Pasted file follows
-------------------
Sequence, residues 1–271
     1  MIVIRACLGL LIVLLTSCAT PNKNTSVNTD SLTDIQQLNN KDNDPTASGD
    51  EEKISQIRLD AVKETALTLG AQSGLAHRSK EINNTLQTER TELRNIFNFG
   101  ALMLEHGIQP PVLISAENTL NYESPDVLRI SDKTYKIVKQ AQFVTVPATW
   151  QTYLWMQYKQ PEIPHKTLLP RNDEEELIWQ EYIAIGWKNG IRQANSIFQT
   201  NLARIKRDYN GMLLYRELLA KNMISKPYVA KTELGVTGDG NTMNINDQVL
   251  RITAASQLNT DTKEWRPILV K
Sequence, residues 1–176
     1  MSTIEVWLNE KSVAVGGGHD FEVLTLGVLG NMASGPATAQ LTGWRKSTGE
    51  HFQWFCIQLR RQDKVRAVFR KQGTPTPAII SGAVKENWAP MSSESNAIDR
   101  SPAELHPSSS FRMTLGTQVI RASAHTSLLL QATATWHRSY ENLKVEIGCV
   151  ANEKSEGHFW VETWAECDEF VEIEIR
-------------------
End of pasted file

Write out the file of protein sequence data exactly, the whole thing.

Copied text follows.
Sequence, residues 1–271
     1  MIVIRACLGL LIVLLTSCAT PNKNTSVNTD SLTDIQQLNN KDNDPTASGD
    51  EEKISQIRLD AVKETALTLG AQSGLAHRSK EINNTLQTER TELRNIFNFG
   101  ALMLEHGIQP PVLISAENTL NYESPDVLRI SDKTYKIVKQ AQFVTVPATW
   151  QTYLWMQYKQ PEIPHKTLLP RNDEEELIWQ EYIAIGWKNG IRQANSIFQT
   201  NLARIKRDYN GMLLYRELLA KNMISKPYVA KTELGVTGDG NTMNINDQVL
   251  RITAASQLNT DTKEWRPILV K
Sequence, residues 1–176
     1  MSTIEVWLNE KSVAVGGGHD FEVLTLGVLG NMASGPATAQ LTGWRKSTGE
    51  HFQWFCIQLR RQDKVRAVFR KQGTPTPAII SGAVKENWAP MSSESNAIDR
   101  SPAELHPSSS FRMTLGTQVI RASAHTSLLL QATATWHRSY ENLKVEIGCV
   151  ANEKSEGHFW VETWAECDEF VEIEIR